LONDON — BMW's Mini plant in Britain is closing for four weeks starting Monday in a move planned over a half year ago to help the company deal with any disruption resulting from Brexit, which has since been delayed.
The German carmaker, which builds just over 15 percent of Britain's 1.5 million cars, moved its annual summertime shutdown to April to "minimize the risk of any possible short-term parts-supply disruption in the event of a no-deal Brexit."
But Britain's departure from the EU has now been pushed back from March 29 until at least April 12 or potentially much later, scuppering the timing of major contingency plans for some carmakers.
Shutdowns are organized far in advance so employee holidays can be scheduled and suppliers can adjust volumes, making them hard to move.
"This is what our company and our workforce have planned for over many months, and it is fixed into our business planning," said a BMW spokesman.
It represents the latest headache for Britain's once roaring car sector which had been on track for record production but since 2017 has posted sharp falls in sales, output and investment.
The overwhelmingly foreign-owned industry has become increasingly incredulous as a stable and attractive investment environment descends into one of its deepest political crises, risking the free and frictionless trade the sector relies on.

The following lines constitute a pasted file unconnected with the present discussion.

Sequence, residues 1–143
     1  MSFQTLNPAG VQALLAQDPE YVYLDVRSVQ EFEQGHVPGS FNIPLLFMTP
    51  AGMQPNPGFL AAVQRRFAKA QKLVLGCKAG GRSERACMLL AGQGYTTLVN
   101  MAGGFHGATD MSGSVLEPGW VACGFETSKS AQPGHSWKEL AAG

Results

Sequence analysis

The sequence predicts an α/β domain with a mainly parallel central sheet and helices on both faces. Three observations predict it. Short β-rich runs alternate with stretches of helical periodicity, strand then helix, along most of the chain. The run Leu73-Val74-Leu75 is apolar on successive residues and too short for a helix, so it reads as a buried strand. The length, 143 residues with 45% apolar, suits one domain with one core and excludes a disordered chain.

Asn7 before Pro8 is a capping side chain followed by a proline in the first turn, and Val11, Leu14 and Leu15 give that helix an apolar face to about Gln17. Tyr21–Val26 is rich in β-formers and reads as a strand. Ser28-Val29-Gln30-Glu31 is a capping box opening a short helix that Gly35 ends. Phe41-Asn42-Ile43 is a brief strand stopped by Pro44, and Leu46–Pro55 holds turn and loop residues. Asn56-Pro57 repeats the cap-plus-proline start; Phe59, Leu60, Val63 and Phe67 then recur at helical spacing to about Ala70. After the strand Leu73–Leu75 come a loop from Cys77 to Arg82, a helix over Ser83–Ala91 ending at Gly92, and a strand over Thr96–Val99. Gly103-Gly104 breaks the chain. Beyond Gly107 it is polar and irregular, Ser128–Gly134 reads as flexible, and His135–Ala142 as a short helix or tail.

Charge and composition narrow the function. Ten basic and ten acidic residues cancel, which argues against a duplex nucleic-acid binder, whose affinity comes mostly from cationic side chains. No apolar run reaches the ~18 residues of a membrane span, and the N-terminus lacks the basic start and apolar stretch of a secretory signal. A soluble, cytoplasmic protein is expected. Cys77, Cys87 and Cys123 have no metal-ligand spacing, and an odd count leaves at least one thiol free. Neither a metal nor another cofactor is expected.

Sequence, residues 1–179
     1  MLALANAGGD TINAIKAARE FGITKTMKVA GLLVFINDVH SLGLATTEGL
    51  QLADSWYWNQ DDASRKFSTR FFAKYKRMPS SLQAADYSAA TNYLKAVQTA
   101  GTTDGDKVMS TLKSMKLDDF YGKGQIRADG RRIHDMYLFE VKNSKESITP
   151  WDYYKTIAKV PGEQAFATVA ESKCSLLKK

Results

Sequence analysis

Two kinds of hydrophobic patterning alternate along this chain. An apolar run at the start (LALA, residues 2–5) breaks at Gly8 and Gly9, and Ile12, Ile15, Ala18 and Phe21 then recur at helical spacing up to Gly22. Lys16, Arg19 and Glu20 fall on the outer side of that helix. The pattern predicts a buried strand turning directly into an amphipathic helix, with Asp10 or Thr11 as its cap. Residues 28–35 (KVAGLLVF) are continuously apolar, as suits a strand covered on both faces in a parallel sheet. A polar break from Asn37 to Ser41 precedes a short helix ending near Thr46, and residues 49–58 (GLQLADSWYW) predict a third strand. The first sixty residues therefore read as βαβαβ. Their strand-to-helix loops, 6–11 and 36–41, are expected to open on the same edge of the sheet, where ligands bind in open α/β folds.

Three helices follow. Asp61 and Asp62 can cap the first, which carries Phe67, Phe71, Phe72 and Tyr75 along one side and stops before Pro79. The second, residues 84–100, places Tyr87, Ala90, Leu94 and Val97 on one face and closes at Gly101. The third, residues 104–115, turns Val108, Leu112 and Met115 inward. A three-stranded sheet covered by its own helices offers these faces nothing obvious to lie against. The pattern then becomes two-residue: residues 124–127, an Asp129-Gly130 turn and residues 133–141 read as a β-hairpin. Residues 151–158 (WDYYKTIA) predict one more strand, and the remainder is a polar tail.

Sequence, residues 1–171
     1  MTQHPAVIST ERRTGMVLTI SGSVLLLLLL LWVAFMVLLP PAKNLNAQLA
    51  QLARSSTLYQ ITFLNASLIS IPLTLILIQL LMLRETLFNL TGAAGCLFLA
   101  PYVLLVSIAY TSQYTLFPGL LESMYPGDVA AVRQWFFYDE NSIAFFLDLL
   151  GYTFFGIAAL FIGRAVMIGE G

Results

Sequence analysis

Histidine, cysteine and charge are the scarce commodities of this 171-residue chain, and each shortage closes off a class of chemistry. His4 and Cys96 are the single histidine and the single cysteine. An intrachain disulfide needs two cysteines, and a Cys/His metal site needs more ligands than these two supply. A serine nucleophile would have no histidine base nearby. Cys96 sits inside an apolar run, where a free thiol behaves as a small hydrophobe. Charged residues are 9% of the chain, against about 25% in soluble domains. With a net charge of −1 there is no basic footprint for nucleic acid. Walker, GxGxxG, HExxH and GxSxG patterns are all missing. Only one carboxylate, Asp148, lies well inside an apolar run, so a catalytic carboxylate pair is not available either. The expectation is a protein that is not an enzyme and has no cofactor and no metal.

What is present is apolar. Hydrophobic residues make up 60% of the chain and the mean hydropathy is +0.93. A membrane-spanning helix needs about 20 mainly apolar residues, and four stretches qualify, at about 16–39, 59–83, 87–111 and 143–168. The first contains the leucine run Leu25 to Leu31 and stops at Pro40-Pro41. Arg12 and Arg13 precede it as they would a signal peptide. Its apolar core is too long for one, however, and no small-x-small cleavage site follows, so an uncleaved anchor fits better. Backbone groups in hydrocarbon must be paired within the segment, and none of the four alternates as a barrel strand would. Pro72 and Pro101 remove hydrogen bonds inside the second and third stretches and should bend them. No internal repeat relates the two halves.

BMW's Rolls-Royce factory in Goodwood will close for two weeks whilst Jaguar Land Rover's (JLR) three car plants and engine facility and Honda's Swindon facility will also shut for a few days this month as part of Brexit contingencies.
It has been a turbulent few months for the sector after Nissan canceled plans to build a new sport utility vehicle at its English Sunderland plant and Honda said it would shutter its plant in 2021 in the biggest blow to the sector for years.
BMW, which is also closing its central English Hams Hall engine facility and Swindon press shop and sub-assembly site for four weeks, has said it could move some engine and Mini output out of Britain if there is not an orderly Brexit.
Carmakers face a number of risks if there is a disorderly Brexit, including delays to the supply of ports and finished models, new customs bureaucracy, the need to recertify models and an up to 10 percent tariff on finished vehicles.
A series of investment decisions are coming up, including whether Peugeot's parent company PSA will keep its Ellesmere Port plant open and if it will build electric vans at its southern English Luton facility.
Petrochemicals firm Ineos is also due to choose the location for its off-roader whilst a decision is pending on whether JLR will build electric vehicles in its home market.